Students with a nose for single malt are being sought by Abertay University, who are offering the chance to become a doctor of whisky.
Abertay is looking for a PhD research student who would be charged with developing a yeast which could enhance the natural flavours of the amber nectar.
Strict guidelines dictate what can and cannot be sold as whisky, and currently only one type of yeast is used in its production – Saccharomyces cerevisiae.
Professor Graeme Walker, of the university’s division of food and drink, said the doctorate research would focus on the study of around 20 different yeasts to see which ones could be used to enhance the natural flavours of alcoholic drink.
He said : “The yeast is responsible for making the alcohol – and hundreds of other flavour compounds – and this creates the complex flavour and aroma of whisky and other fermented beverages.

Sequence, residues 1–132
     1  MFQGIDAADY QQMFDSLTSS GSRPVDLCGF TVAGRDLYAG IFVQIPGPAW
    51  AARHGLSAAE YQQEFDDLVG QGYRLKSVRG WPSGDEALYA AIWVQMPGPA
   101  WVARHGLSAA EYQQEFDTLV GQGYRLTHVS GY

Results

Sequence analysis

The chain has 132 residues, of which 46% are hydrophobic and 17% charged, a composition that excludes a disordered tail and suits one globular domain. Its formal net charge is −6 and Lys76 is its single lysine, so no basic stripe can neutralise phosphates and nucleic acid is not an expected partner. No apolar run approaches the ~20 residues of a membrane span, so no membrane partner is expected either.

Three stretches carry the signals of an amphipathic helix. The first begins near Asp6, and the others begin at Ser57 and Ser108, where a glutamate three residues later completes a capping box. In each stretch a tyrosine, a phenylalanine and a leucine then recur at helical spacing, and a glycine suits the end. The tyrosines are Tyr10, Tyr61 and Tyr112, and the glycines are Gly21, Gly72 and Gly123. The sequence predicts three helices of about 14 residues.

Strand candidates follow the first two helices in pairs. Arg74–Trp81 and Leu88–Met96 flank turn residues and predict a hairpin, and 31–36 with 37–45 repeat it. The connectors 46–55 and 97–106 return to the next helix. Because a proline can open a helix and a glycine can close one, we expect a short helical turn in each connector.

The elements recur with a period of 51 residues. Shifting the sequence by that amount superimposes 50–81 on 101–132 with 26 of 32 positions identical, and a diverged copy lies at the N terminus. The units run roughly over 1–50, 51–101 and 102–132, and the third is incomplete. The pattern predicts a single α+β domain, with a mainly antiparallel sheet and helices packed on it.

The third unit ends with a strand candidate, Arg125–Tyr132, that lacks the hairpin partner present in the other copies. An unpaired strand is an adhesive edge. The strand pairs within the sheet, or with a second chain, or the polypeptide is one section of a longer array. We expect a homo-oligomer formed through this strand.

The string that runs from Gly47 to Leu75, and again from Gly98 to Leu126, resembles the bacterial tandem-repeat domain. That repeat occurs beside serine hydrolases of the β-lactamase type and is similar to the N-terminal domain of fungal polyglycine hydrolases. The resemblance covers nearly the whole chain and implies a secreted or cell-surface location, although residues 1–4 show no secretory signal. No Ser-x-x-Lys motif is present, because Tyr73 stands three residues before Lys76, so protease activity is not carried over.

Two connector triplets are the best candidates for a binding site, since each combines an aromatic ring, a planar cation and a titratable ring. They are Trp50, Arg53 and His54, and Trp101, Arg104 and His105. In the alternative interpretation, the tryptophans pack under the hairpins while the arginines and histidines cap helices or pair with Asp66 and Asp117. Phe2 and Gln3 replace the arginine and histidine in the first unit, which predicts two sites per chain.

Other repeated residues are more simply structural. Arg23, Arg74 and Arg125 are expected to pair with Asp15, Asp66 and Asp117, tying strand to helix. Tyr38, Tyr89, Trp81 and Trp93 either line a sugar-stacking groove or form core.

“One idea is to look at yeast used in other beverages like the wine industry.
“Some of these are very interesting in bringing out fruity notes, produced by compounds known as esters.
“Whether it’s peach, apricot, banana, or whatever you like, there is almost one fruit for each type of ester and these are all chemical compounds that the yeast produces.
“Perhaps some of these may have interesting applications for bringing out these flavoured notes in other beverages, including spirits like whisky.”
The Scotch whisky industry is worth more than £4 billion a year, and grew by 4% in the last financial year.
Scotch remained the biggest net contributor to the UK’s balance of trade in goods last year and single malt exports were valued at more than £1 billion for the first time.
Funding for the research comes from the Industrial Biotechnology Innovation Centre’s collaborative training partnership and the project is due to commence in October.
Interested applicants have until May 19 to apply for the studentship, and can do so via the Abertay website.